Because Québec is the best of two worlds: French culture, including a much more relaxed pace and the quaintest streets ever, and the proverbial Canadian friendliness and civility.

Because it's priceless to stroll down an old street, stop at a café, have a "chocotine" (their pain au chocolat) and a "vin chaud" (mulled wine) or a coffee, relax and look out the windows to the snowy outside.


Because it's a pretty city from afar as well, especially from the Québec-Lévis ferry, on a sunny day, from the frozen Saint Lawrence River.


Because snow (and there was plenty of it) and cold (and man was it cold!) didn't detract from, but added to, the romantic experience (for me, at least).


Because we enjoyed theatre (Robert Lepage's "La face cachée de la lune", The far side of the moon), good food (including a very special dinner with Québec specialties), interesting bookshops, good museums, welcoming night-life, and gorgeous views from our cosy room at our lovely hotel on old and quiet Saint Pierre Street.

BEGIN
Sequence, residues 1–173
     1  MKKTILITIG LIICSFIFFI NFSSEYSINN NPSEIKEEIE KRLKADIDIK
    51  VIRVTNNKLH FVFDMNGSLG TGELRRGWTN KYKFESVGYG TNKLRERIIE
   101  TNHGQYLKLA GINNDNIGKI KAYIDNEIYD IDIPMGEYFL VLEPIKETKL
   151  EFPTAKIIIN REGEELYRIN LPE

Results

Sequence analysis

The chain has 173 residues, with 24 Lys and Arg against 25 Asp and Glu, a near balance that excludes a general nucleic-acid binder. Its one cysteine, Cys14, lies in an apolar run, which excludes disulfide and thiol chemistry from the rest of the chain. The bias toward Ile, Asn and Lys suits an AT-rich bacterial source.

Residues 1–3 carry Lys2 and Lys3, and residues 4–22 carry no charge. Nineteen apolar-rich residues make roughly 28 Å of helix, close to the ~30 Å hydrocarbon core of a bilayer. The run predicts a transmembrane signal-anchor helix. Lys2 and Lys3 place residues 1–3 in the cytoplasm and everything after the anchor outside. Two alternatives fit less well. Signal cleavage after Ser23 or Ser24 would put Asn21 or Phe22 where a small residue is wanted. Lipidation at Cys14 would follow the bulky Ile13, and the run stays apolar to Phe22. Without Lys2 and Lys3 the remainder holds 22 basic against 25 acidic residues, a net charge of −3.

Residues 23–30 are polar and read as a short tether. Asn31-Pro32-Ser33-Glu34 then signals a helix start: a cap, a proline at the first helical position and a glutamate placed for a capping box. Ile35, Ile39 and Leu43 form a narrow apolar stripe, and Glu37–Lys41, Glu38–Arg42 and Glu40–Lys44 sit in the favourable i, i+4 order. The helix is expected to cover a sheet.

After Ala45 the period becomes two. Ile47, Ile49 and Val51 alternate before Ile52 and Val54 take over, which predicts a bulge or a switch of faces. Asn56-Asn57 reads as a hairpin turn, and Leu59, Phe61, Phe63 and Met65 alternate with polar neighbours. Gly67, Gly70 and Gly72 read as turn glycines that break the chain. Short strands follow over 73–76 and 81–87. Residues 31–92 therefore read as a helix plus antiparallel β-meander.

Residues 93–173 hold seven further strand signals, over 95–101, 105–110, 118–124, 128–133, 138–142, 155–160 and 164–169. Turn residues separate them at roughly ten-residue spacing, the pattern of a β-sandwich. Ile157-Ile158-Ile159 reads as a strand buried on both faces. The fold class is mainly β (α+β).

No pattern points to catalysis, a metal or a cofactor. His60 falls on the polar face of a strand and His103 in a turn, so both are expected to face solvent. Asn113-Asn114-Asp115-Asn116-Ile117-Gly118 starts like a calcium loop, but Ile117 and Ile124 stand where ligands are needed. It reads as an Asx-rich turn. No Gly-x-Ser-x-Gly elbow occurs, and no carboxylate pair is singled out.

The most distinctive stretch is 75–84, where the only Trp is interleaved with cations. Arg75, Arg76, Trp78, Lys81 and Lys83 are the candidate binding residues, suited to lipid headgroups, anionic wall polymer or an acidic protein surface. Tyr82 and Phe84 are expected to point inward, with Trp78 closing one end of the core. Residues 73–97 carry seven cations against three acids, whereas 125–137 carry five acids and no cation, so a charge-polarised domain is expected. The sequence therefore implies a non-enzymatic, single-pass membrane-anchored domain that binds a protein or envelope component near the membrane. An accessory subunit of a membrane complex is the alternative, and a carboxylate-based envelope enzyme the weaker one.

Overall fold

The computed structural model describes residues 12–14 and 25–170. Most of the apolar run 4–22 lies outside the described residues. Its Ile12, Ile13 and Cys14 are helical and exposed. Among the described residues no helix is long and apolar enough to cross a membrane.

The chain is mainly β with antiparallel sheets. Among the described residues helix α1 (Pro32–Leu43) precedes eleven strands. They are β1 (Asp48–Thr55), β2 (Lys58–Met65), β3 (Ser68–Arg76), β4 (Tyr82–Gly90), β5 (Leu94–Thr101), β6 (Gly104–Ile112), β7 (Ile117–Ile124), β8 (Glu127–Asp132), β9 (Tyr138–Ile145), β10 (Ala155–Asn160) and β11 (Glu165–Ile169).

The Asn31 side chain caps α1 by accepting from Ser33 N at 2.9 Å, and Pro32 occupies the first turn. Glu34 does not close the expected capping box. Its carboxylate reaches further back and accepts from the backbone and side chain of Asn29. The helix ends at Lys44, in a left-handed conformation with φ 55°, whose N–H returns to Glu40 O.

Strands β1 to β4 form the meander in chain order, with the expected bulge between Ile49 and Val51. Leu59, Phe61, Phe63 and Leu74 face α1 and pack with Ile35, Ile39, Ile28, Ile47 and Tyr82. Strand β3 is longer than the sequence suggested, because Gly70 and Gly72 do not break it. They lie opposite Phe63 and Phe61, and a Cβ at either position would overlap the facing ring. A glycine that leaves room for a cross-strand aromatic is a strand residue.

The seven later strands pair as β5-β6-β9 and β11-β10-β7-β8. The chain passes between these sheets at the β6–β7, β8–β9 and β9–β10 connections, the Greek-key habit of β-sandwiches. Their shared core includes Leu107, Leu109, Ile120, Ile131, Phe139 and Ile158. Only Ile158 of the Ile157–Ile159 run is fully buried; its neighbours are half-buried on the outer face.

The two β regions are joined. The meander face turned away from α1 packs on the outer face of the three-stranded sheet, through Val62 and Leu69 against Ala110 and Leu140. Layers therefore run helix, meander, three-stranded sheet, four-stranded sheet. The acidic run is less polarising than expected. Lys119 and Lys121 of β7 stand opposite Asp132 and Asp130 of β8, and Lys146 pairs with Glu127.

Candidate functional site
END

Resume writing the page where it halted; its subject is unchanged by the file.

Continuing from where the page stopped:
So, you get the idea, right? Loved it. On a beaucoup aimé, winter and all.

That said, there are some specific things I do want to mention, things you can only do and see in winter, like the carnival itself (including its parade) and a visit to the Ice Hotel, but that'll be for my next post.  À la prochaine!

unusual beauty @ Allan Garden's Conservatory










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Thursday, February 10, 2011

La Face Cachée de la Lune

By Robert Lepage, @ Grand Théâtre de Québec.

And so we gathered for an evening of storytelling and beautiful and creative effects.










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Thursday, February 03, 2011

soothing sunset

much appreciated warm, relaxing orange-red light bathing my office after a tough work-day